When determining the final amount of spousal support, California family courts must consider the factors in Family Code Section 4320. These factors include:
- The length of the marriage
- The needs of each spouse based on the standard of living they had during their marriage
- The earnings of each spouse (See Proving Self-Employed Income of a Spouse and Imputing Income to a Spouse via Family Code 4058).
- Whether a job would make it difficult to care for any children of the marriage (See Best Interest of the Child Standard).
- Age of both spouses
- Health of both spouses
- Debts and assets of both spouses (Especially following final distribution in the divorce case; see Is Your House Community or Separate Property and Reimbursement to the Community for Separate Debt Payments During Marriage)
- Whether one spouse was directly responsible for helping another spouse obtain education, training, or a professional license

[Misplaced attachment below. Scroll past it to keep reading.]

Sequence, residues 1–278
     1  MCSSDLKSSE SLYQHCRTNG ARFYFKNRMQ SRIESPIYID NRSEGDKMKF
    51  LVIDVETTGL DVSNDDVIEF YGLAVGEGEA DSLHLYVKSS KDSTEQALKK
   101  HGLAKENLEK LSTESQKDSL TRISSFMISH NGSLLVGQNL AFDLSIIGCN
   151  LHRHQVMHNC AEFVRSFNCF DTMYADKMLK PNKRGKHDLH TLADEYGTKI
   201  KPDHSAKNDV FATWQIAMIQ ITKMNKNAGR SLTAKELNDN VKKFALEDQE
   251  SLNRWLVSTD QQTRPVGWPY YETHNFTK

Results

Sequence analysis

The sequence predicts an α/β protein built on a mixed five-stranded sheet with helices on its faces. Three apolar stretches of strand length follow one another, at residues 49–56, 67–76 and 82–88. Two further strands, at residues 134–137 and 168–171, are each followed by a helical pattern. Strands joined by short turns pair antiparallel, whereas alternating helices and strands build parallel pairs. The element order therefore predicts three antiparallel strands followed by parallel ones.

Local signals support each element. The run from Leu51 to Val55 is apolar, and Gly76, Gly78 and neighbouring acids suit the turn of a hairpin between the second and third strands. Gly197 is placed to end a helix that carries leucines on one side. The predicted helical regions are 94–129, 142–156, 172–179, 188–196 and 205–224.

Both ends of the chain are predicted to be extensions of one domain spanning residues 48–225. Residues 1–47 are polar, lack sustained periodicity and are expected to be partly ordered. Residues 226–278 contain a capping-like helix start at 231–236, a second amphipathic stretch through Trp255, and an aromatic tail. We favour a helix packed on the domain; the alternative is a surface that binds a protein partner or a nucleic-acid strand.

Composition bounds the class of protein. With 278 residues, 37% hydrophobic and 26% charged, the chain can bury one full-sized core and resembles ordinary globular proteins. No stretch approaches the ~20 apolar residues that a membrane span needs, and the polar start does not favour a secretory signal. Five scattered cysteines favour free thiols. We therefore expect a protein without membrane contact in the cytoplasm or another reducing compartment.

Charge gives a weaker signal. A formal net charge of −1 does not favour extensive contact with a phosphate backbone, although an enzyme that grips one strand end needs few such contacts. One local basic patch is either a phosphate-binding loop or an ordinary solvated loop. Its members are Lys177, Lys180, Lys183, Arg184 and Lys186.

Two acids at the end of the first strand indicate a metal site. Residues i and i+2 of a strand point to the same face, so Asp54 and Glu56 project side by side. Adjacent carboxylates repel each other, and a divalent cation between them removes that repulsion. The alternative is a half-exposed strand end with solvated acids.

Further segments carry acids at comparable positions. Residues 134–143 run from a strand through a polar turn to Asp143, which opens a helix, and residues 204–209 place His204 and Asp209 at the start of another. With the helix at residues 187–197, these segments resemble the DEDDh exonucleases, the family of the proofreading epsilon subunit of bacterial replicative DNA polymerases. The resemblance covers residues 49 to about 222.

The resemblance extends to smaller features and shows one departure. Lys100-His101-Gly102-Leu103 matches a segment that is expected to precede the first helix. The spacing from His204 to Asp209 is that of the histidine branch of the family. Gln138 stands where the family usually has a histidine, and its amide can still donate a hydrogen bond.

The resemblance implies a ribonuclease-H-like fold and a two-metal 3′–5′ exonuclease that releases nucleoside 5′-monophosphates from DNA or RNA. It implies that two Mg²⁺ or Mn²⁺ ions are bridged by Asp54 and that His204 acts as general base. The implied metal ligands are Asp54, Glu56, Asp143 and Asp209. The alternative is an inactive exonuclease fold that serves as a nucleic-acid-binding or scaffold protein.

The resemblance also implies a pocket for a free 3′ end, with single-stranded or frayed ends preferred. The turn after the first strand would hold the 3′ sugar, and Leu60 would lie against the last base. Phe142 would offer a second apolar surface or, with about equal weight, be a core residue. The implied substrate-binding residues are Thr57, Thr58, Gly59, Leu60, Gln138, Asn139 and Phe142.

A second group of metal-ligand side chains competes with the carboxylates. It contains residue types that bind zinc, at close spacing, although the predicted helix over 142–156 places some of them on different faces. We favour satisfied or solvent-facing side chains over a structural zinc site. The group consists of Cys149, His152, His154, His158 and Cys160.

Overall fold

- Instances of domestic violence between the spouses
- Whether one spouse’s career was impacted by periods of unemployment resulting from taking care of children of the marriage
- Tax impact of spousal support, if any
- Marketable skills of each spouse
- And any other factors the court deems fair and just under the circumstances
California law makes provisions for ensuring spouses are not left destitute by a divorce in cases where they can demonstrate that they were financially dependent on their spouse.
Spousal Support Termination and Modification
In California, spousal support is automatically terminated upon death or remarriage of the supported party. If there is a major change in the financial situation of either party, the court can make modifications to the support order as well.